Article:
5. Pick Ups - Pick ups in Destiny are simplified compared to a game like Halo, since players start with their own power weapons. As such, all you need to worry about are Heavy and Special Ammo, and in Destiny 2 it will only be Power Ammo.

    When looking at the location of Ammo pickups, you need to question whether the ammo is in a safe location, or one that promotes engagement, and be prepared accordingly. For example, the special ammo crates on Pantheon are all in lanes where you can been seen by the enemy quite easily, as are the heavy ammo bricks.

    Each side's special ammo is more safe, however, than the central special ammo in Waterfall Lane. On Floating Gardens, both side's Special and Heavy are relatively safe, backed away by the initial spawns which makes it unlikely you will be attacked when grabbing it.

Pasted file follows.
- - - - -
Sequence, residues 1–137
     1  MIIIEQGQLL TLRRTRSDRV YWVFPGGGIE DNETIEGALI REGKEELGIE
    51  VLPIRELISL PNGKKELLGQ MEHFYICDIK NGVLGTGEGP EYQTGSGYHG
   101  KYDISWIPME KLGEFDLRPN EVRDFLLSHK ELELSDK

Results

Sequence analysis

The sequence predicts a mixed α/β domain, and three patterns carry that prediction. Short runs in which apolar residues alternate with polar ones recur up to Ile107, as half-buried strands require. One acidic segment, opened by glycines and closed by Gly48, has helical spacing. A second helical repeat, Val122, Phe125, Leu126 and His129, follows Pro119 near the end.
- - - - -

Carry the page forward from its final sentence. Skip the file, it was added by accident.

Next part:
6. Cover - Cover is a defining factor in whether or not a lane is appropriate for your weapon choice, and vice versa. Lack of cover means long and mid-range weapons will excel (think low heavy lane on Black Shield), while abundant cover favors close range weapons and aggressive playstyles (most Across/Main lane intersections, Inside Lane on Black Shield, Top Lane on Rusted Lands, etc).

    If you go into a lane with a shotgun and there is no cover, you're very likely to die to a sniper or scout. Likewise, if you take a sniper into a lane with no long sightlines, you probably won't get a shot on the sidearm user pushing you. Pay attention to the amount of cover in given lanes, and adjust your loadout or strategy accordingly.
     
  7. Verticality - Verticality is similar to cover, in that it's used by design to balance map lanes for different playstyles. High and multiple variations in verticality often caters to sidearms and handcannons, while low variations are better for snipers and non-aerial primary weapons.